NCHR Comments on the USPSTF Draft Recommendation Statement for Human Immunodeficiency Virus (HIV) Infection Screening

National Center for Health Research: December 20 2018

Thank you for the opportunity to express our views on the draft recommendations for screening for HIV in adolescents, adults aged 15-65 and pregnant women. The National Center for Health Research is a nonprofit research center that conducts, analyzes, and reviews research on a range of health issues, with a particular focus on which prevention strategies and treatments are most effective for which patients and consumers. We do not accept funding from pharmaceutical companies and have no financial ties to this issue.

We enthusiastically support the efforts of the U.S. Preventive Services Task Force (USPSTF) to re-evaluate its recommendations as new research emerges. We strongly agree with the USPSTF recommendation that clinicians screen adolescents and adults ages 15 to 65, as well pregnant women during their prenatal period or when they present in labor or at delivery and their HIV status is not known.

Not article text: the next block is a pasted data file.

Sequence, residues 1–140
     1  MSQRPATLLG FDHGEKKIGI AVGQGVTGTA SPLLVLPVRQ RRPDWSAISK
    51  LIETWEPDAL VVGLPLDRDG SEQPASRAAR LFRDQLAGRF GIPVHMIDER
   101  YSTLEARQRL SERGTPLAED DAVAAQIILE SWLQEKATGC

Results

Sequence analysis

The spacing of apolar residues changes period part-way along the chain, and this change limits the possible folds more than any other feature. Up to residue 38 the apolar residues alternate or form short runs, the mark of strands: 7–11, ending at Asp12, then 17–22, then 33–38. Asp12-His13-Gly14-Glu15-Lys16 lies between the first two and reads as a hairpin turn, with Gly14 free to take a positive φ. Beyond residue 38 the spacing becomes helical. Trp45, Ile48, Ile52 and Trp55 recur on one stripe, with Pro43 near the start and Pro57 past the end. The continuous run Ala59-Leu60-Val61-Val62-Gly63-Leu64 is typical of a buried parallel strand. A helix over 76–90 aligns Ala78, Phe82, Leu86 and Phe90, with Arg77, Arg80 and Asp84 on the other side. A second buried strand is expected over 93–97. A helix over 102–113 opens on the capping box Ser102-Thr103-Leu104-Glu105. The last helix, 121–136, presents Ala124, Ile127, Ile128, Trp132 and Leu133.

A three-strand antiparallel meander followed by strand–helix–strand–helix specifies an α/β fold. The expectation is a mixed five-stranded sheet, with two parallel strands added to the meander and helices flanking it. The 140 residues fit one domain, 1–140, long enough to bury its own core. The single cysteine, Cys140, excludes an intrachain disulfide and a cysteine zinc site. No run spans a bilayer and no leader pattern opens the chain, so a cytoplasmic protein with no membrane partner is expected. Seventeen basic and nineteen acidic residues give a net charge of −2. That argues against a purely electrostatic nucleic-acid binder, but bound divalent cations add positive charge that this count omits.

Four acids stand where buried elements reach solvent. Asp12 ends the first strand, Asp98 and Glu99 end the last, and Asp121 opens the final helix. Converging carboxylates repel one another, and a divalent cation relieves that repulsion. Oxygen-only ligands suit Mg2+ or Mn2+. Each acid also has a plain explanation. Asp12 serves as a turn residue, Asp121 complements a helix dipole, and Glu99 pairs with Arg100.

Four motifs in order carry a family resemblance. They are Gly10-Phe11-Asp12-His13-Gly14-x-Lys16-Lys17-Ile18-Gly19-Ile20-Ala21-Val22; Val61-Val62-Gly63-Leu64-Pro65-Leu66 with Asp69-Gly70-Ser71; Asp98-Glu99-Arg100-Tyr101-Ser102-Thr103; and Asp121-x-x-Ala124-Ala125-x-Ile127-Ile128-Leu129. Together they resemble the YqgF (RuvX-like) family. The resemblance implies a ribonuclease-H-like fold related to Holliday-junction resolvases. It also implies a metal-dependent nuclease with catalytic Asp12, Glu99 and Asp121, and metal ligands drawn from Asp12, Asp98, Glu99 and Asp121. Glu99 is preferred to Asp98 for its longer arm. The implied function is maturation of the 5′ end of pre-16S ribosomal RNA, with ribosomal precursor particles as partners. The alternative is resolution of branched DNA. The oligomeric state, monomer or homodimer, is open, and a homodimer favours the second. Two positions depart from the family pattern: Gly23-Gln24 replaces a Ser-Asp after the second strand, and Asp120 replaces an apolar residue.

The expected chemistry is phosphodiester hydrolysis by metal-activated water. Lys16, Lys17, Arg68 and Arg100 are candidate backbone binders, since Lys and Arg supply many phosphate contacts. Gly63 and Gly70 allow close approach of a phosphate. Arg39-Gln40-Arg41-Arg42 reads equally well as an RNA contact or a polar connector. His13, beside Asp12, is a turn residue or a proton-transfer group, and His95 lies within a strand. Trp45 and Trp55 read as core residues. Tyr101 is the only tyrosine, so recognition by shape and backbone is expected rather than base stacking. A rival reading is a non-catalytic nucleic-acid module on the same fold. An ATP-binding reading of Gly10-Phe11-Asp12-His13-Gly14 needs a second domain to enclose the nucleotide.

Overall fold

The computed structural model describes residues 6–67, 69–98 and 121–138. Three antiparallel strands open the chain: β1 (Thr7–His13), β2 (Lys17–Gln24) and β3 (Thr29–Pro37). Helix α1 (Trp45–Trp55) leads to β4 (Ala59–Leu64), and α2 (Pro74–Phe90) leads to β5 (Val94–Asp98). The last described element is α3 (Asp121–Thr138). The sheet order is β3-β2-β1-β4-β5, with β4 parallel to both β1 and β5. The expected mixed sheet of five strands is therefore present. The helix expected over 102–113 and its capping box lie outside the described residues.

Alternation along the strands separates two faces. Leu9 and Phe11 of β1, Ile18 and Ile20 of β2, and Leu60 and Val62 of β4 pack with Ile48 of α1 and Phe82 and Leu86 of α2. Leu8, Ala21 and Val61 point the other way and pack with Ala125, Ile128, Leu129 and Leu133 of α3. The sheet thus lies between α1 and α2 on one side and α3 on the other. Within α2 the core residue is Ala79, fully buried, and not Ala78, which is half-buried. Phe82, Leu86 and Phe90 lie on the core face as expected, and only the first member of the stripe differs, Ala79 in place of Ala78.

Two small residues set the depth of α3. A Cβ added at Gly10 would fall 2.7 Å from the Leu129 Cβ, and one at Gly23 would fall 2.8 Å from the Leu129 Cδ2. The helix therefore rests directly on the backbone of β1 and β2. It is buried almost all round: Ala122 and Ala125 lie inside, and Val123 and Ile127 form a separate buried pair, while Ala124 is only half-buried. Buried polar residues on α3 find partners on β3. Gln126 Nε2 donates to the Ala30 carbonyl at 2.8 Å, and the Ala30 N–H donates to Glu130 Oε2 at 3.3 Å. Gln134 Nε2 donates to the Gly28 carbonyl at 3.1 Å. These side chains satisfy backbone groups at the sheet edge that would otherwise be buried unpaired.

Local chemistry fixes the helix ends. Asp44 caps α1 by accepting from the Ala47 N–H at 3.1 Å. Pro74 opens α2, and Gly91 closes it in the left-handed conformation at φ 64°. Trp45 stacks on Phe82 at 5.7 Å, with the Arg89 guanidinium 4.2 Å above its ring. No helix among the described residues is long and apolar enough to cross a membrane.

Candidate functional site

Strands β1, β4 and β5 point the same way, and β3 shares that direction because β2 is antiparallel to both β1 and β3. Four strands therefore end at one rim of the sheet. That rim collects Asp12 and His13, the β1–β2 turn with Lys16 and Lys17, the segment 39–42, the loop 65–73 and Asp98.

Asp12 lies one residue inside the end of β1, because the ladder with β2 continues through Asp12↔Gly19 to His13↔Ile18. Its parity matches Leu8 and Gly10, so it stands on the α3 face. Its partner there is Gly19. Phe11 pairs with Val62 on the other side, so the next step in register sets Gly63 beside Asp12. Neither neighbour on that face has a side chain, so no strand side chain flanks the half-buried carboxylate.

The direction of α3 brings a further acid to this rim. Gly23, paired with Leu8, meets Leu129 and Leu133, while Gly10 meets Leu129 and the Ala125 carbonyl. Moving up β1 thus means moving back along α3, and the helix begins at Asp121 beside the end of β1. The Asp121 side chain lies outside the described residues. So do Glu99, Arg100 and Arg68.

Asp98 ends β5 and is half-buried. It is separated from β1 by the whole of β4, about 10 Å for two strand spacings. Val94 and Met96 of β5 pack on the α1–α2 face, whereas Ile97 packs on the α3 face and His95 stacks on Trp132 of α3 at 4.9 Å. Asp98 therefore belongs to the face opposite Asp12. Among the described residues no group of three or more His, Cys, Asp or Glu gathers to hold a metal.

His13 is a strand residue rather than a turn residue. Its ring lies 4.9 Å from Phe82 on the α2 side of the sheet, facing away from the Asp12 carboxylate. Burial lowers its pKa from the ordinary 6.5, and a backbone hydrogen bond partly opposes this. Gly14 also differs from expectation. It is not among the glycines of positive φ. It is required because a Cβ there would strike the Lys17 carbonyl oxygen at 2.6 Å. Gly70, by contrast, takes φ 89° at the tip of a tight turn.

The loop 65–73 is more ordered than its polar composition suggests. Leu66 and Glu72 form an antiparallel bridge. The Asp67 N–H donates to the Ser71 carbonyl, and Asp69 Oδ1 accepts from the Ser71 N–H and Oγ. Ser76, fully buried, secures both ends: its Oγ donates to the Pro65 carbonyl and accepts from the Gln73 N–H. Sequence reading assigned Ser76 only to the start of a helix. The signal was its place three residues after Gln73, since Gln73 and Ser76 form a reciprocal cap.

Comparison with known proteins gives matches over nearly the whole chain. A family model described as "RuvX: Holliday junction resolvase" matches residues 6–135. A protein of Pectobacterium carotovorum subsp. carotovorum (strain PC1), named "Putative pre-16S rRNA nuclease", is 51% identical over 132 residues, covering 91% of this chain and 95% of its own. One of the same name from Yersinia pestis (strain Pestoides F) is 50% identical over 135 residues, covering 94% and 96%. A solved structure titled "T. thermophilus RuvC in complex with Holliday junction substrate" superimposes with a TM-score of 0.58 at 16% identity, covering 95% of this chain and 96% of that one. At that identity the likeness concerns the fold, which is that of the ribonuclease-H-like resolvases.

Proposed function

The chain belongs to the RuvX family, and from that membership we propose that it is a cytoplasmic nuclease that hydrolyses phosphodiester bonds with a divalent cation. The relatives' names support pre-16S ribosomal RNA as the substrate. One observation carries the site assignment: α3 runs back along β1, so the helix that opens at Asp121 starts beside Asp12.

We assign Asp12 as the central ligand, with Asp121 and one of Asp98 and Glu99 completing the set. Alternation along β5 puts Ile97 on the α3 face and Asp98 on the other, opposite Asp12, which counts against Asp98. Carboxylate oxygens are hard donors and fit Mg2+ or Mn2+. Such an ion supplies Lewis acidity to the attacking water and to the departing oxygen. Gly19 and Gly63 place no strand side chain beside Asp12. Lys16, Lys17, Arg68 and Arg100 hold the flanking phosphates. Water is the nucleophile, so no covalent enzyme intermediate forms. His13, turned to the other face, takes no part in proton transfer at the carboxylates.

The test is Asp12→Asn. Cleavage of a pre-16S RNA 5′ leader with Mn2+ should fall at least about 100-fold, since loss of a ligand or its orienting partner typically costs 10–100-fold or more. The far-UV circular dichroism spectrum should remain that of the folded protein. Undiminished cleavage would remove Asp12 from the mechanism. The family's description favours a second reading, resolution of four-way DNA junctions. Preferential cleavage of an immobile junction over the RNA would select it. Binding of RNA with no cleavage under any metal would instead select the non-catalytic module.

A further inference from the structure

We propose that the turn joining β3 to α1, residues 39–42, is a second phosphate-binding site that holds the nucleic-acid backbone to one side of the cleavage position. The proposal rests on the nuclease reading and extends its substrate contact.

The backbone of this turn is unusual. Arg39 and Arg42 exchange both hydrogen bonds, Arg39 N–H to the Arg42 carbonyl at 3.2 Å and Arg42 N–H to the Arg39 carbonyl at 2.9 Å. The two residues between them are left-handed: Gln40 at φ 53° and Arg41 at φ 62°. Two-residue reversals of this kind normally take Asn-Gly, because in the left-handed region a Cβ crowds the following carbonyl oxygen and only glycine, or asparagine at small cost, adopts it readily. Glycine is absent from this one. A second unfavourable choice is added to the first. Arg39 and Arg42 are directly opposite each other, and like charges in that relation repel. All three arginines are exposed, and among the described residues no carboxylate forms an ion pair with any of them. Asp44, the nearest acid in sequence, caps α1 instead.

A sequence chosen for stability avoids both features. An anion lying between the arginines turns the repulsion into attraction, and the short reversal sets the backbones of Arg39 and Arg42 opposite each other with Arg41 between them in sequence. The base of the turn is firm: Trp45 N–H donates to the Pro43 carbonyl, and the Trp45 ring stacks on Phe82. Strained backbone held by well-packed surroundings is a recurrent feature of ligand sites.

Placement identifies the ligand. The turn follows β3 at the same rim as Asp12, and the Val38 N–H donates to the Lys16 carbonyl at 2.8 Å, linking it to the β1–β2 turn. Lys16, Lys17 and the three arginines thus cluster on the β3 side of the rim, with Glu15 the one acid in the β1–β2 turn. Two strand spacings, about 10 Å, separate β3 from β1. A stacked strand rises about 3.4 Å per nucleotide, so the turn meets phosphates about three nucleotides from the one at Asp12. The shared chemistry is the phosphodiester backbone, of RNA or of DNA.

As stated in the review and recommendations, while antiretroviral treatments are known to cause certain side effects, early screening and treatment of people who have an HIV infection regardless of the CD4 cell count slows down disease progression, reduces the risk of chronic infections, and decreases the risk of sexual transmission as well as mother to child transmission. While there are known risks of antiretroviral therapy, the benefits of early detection and treatment of HIV in adolescents, adults and pregnant women have proven to be beneficial in the long term.

In summary, we strongly support USPSTF’s draft recommendation for the screening of HIV infection in adolescents and adults aged 15-65, pregnant women, as well as younger adolescents and older adults that are at increased risk.

If you have any questions, please contact Varuna Srinivasan, MBBS MPH, at